Melbourne is all about it’s sport, everyone’s pretty active.
It’s the sporting capital of the country, which was part of the reason I was so excited to move here, and the Melbourne Cup is no exception.
Rather like Ascot (I think…I’ve never been to Ascot, but it’s what I think Ascot would be like in my head), the races run over the course of the week, with the Cup Day being a public holiday in Victoria.
I love seeing the city from a different perspective, part of the reason I love traveling by train is sitting watching the world go by as you speed along.
We got the train to Flemington.
Unfortunately so did the rest of Melbourne.
There were hoards of fascinators, hats, suits, heels and thick clouds of perfume and aftershave showing us the way. With extra trains put on, direct to the races, it was still standing room only, and given my continuing battle with gravity and my choice of shoe (those beautiful red wedges), I spent the entire journey in silence, clinging on for dear life, praying I wouldn’t face plant.
Walking into the races was magical.
Everyone was dressed up and I felt incredibly fierce, strutting around in my shoes and mullet dress as the skirt billowed out behind me.
(I may have spent several minutes in the morning running up and down the stairs to my skirt would fly along behind me)
I my mind, all eyes were on me as I floated along, in reality, all eyes were on the betting screens.
I realised I had no idea how to bet and no idea who to bet on.
Dad had given me a ‘hot tip’ for Red Cadeux, so I put an each ways bet down on him, plus a few other horses who had interesting jerseys and/or names.
It seemed like the most sensible option.
Betting done, we stopped off to get a Flemington Fling (a Pimms like cocktail) and headed into the track.
Inside it was a sea of colourful characters.
The size of the heels, and the hats!
I’d not managed to find a fascinator that I liked in time for the big day, so I’d just put some flowers in my hair and I was beginning to feel a little under dressed. I made a mental note to ‘do it properly’ next year and carried on strutting along, trying to to fall into the huge rose bushes scattered by the entrance, clocking a sign that said ‘Frozen Cocktails’.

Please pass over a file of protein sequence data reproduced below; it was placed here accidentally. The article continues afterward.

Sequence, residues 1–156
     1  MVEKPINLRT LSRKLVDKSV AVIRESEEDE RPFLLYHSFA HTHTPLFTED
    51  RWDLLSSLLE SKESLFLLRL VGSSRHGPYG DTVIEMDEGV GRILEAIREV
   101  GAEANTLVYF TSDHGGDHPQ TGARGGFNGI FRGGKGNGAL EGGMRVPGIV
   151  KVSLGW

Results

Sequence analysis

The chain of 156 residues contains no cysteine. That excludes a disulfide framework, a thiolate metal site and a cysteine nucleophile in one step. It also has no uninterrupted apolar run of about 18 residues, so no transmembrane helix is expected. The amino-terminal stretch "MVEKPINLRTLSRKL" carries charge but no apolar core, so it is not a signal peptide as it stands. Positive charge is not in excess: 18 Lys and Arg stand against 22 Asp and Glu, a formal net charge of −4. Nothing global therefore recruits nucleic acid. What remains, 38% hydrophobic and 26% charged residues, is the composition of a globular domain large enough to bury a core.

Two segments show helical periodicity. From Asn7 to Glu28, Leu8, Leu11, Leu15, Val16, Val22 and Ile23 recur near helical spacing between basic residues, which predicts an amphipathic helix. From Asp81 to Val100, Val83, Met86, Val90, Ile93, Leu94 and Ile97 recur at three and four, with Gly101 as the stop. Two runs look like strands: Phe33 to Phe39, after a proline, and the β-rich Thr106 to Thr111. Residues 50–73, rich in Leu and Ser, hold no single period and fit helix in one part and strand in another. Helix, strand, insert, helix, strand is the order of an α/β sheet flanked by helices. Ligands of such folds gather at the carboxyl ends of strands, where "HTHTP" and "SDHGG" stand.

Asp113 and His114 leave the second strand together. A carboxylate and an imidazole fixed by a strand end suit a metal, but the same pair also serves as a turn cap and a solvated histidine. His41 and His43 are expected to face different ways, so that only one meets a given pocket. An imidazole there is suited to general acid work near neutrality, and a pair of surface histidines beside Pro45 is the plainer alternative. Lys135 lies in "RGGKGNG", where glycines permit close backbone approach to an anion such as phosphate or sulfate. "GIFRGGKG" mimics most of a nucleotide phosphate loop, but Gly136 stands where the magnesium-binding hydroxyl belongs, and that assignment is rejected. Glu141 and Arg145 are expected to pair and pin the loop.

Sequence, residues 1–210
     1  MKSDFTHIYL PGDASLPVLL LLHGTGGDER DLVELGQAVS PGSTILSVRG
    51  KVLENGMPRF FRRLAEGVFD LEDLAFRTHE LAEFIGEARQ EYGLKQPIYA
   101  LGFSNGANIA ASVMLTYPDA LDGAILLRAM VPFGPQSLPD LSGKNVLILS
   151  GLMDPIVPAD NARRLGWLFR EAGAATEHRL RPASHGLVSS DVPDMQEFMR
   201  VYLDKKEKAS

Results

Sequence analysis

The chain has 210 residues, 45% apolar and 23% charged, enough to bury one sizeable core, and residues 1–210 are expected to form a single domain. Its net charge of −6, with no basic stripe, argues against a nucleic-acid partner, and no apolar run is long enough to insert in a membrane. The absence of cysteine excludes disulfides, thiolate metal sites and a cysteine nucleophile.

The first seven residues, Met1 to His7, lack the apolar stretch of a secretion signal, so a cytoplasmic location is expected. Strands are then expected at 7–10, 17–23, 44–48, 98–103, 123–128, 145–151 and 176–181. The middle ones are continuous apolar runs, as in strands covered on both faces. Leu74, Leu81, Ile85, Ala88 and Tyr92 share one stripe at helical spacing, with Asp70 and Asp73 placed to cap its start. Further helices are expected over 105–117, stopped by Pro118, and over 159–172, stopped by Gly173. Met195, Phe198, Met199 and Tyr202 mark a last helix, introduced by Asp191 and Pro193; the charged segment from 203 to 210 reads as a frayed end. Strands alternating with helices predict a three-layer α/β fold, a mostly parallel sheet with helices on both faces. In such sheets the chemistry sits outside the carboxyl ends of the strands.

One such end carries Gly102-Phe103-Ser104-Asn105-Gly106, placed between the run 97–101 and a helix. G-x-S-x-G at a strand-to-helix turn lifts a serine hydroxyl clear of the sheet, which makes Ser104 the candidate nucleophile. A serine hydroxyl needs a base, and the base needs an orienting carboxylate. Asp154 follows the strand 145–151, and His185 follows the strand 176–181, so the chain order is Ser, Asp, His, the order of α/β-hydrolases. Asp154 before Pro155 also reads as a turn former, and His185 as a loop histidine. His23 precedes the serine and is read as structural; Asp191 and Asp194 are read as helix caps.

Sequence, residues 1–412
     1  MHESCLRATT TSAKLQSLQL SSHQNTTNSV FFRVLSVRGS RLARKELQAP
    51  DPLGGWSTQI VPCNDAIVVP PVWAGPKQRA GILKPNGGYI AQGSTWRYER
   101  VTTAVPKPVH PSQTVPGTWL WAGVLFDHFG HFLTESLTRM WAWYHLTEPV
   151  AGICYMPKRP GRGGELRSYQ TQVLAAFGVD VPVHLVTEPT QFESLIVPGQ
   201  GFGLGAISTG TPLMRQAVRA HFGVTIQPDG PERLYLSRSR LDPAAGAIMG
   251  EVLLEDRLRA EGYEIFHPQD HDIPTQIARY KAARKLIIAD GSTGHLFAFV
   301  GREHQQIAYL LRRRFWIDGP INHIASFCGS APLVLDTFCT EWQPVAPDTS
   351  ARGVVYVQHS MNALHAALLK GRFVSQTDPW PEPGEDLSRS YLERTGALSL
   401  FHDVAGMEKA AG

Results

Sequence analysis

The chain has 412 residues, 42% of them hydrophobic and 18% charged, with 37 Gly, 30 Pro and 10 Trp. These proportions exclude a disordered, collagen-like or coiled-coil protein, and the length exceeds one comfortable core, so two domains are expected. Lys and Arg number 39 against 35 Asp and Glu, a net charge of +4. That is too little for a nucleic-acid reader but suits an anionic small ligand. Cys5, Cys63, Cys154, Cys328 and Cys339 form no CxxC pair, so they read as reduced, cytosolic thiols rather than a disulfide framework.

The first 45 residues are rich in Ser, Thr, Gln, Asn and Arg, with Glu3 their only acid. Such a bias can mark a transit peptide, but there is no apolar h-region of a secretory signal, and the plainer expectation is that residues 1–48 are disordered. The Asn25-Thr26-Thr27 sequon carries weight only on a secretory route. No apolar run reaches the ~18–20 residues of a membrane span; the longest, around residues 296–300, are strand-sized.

By far, my favourite people I saw today were ‘The Sunflower Men’: as it turns out, they were staying in Quest (our apartments). All dressed in matching suits, covered in sunflowers, they were cheekily placing stickers on unsuspecting passers by saying: “I’ve been pollinated by the sunflower men”
Lydia found one of those stickers soon after we had our photo taken!
We found ourselves a nice spot by one of the final gates, where we could get a good view of the horses as they charged past.
The weather was glorious. It was one of the first hot days we’d had where we couldn’t just duck back into the flat, or inside somewhere when we were getting too warm, so the day felt like a constant struggle trying to get the balance between water, suncream and alcohol.
There were a few smaller races before the main event, so we warmed ourselves up placing $1 and $2 dollar bets.
After losing about $10 on horses with ‘the best name’ I was starting to feel a bit disheartened, but I had a good feeling about the Cup race, so decided to distract myself with food and cocktails.
I discovered two things about Australia today that I love.
Grill’d and frozen cocktails. I never want to have a cocktail again, unless it’s in frozen form. They were incredibly refreshing, dangerously delicious and far too easy to drink.
Most of the day was spent sunning ourselves and catching up with the rest of the Sport Lived crew.
There’s something of a divide between the guys in the hostel and us in the apartments that has nothing to do with personality and everything to do with proximity. We’ve got a pretty sweet deal on Chapel and we don’t really venture into the city unless we’re being touristy, so we never get to see the others – and being the only swimmer out here at the moment, our paths don’t cross at work, either.
Finally it was time for the main event.
A day at the races still hadn’t taught me what was going on, so I cheered blindly as the horses and their jockeys thundered past, not entirely sure who was winning, or who I’d bet on.
It was all over pretty quickly and I stood, rather dazed, not entirely sure if I’d won anything or not.
Finally I managed to distinguish ‘Red Cadeux’ in amongst the noise.
Glancing at the board, he’d placed second, meaning I’d won $25.
Happy with the days events, I decided to head home before the blind crush to leave, fuelled by the prospect of having to endure another packed train.
Leaving the rest of the Sport Lived team drinking and contemplating the casino, Lydia and I got to the train just as the heavens opened.
We shared a wry smile.
A lot of my Australian friends dislike the Melbourne Cup, they said it was too busy, and while there were a lot of people, I had a great time.
With a few bottles of wine, a gourmet picnic and the right company it’s a cracking day out.
I’ll definitely be going back next year – after all, who doesn’t love an excuse to get all dressed up?